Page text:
Rallying Round Mack Mc Larty

Your article on Thomas F. "Mack" McLarty is wrong on the facts, and it unfairly attacks Mr. McLarty's character ("Skeletons in Mack McLarty's closet?" Finance, Jan. 20). On behalf of President Clinton and the McLarty family, please allow me to set the record straight.

First, your assertion that Mr. McLarty "asked to be named Commerce Secretary or Ambassador to Mexico" is absolutely false. Furthermore, you were wrong to report that the Oklahoma Corporation Commission matter entered into White House consideration regarding Mr. McLarty's future role in the Administration. It was never a topic of discussion. Your headline asked whether there are any "skeletons in Mack McLarty's closet." The answer is an unequivocal no.

Finally, you claim, erroneously, that Mr. McLarty has somehow been "sidelined." On the contrary, Mack McLarty continues to be one of the President's most trusted and valued advisers. Following his reelection, President Clinton asked Mr. McLarty to delay his return to the private sector so he could continue to serve as Counselor and could undertake new responsibilities as Special Envoy for the Americas. Mr. McLarty's new assignment will focus on expanding trade and strengthening U.S. relations with our neighbors in the hemisphere. His mission is a top foreign policy priority of President Clinton, and Mr. McLarty is singularly qualified to serve in this capacity.

Your attack on Mr. McLarty's character is inaccurate and grossly unfair. Mr. McLarty is a man of great personal integrity and character. In the Clinton Administration, he has been a tireless advocate for matters affecting the American business community. Your readers deserved a more responsible portrait of Mack's valuable service.

Michael McCurry

White House Press Secretary


Your story assails the good name of Mack McLarty. I do not know the facts of the case, but I know Mack McLarty and I can read. The article spins a tale of wrongdoing and intrigue without telling how McLarty was involved or what he supposedly did wrong.

Statements such as the one in which a "Democratic Senate source" claims Mack "couldn't get confirmed if his life depended on it" are irresponsible and, in all likelihood, dead wrong. I was in the Senate long enough never to predict the outcome of confirmations. And Mack McLarty is respected and liked by many members on both sides of the aisle.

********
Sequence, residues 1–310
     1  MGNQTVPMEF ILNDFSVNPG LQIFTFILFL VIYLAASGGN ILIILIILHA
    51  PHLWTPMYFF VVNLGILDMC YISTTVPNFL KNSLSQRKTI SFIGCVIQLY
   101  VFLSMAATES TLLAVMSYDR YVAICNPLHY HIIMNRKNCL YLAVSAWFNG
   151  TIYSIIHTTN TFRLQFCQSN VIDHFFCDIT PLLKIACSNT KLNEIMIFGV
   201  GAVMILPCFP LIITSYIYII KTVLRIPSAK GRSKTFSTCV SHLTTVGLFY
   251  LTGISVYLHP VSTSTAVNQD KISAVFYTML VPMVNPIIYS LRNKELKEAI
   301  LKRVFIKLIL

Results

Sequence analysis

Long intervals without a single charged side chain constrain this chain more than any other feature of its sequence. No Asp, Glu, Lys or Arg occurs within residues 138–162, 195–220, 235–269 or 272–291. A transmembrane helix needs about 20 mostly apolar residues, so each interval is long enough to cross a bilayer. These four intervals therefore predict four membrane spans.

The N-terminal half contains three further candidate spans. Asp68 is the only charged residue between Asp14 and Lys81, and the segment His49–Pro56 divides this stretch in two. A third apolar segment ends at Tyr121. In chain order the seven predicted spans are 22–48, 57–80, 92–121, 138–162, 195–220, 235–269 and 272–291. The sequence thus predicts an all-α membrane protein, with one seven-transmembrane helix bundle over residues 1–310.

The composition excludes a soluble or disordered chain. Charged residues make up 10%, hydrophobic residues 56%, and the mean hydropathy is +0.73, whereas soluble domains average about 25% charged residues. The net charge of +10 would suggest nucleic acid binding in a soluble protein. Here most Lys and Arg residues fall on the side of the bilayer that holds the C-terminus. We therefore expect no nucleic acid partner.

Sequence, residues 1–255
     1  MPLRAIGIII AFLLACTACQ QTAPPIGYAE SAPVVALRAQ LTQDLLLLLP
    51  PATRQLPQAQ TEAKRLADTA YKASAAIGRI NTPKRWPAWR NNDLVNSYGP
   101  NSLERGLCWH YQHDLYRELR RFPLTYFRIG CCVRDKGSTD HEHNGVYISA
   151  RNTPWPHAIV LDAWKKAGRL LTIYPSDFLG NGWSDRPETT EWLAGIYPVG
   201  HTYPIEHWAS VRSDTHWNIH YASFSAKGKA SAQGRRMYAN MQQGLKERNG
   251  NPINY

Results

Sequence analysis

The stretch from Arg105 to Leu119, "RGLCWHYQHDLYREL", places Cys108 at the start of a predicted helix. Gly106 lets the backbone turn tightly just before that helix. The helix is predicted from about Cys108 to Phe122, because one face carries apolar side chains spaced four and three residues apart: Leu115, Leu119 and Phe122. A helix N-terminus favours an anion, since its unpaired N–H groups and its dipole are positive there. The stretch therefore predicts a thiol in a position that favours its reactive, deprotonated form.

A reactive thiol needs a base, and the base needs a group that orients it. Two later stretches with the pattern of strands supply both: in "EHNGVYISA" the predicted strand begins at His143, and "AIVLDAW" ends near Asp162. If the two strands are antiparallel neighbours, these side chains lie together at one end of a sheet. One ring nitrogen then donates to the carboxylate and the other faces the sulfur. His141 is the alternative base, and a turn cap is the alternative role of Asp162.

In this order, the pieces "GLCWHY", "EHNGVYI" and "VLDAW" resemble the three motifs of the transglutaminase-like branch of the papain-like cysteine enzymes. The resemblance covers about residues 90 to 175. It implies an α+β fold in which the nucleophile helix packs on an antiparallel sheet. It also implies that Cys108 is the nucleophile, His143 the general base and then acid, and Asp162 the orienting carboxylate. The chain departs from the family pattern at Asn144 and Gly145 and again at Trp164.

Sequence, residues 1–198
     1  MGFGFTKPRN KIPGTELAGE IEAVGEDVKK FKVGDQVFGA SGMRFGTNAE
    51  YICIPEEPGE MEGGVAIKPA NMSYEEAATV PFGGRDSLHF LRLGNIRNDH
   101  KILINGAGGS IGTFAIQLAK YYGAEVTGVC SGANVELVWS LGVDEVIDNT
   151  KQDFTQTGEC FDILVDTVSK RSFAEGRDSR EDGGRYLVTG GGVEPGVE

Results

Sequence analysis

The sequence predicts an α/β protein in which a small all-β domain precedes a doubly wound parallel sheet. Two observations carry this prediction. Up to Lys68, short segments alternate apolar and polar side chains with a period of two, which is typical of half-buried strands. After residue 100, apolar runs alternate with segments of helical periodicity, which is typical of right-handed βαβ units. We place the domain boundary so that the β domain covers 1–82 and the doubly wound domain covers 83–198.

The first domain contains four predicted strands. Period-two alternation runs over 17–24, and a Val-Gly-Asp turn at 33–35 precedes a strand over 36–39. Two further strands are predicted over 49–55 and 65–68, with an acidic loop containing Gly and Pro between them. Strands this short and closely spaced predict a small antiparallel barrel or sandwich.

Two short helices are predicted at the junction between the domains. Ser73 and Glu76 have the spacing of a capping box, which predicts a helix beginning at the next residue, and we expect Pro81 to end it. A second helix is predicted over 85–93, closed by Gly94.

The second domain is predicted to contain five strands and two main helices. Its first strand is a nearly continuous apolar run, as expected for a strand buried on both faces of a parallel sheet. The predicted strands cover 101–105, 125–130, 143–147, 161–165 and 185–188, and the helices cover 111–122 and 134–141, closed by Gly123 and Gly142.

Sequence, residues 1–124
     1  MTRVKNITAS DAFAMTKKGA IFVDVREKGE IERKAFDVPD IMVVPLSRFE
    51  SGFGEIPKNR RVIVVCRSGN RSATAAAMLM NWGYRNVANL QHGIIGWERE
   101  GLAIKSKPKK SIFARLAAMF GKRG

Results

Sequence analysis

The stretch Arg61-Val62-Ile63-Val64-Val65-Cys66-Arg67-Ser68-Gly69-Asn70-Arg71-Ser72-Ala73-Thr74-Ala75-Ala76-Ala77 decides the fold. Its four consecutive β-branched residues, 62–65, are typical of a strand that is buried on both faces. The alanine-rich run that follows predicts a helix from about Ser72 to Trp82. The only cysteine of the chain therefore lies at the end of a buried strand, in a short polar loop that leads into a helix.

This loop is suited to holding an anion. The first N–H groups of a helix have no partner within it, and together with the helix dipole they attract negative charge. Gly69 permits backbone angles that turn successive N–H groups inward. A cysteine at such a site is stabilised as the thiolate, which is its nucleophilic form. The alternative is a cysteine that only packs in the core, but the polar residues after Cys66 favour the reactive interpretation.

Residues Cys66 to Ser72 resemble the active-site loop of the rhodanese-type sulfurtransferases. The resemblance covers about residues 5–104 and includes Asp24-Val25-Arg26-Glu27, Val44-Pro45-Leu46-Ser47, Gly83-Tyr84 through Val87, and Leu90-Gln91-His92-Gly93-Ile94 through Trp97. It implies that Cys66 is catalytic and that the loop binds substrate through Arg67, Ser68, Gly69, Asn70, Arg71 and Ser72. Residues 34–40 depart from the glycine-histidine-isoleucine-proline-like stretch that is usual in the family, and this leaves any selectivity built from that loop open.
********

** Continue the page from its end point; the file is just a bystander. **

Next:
Mack is known for his moderation and his bipartisan approach. I am pleased that we still have businesspeople like Mack willing to serve in government, even with the assaults that now seem to be automatic in Washington. I am also pleased that he continues to serve the Clinton Administration and the American people with such responsibilities as Counselor to the President and Special Envoy for the Americas.

Sam Nunn


Editor's note: Nunn is a former Democratic Senator from Georgia.

I was disturbed to read the article about Mack McLarty that appeared in BUSINESS WEEK. I know Mack McLarty as a friend and colleague and was personally gratified when he agreed to take on his present assignment as Special Envoy for the Americas. He is held in high regard by key leaders throughout Latin America and the Caribbean, and I believe that he can make very important contributions in furthering the relationship between the U.S. and our neighbors in the Americas.

Our Latin American neighbors know Mack McLarty, as I do, as a man of integrity, principle, and decency. I am convinced that as Special Envoy for the Americas, Mack McLarty will serve his country and the President with effectiveness and honor in a manner that will advance relationships between the U.S. and the other countries of the hemisphere.

Sol M. Linowitz


Editor's note: Linowitz, a longtime Latin America expert, was U.S. ambassador to the Organization of American States from 1966-1969 and co-negotiator of the Panama Canal treaties.

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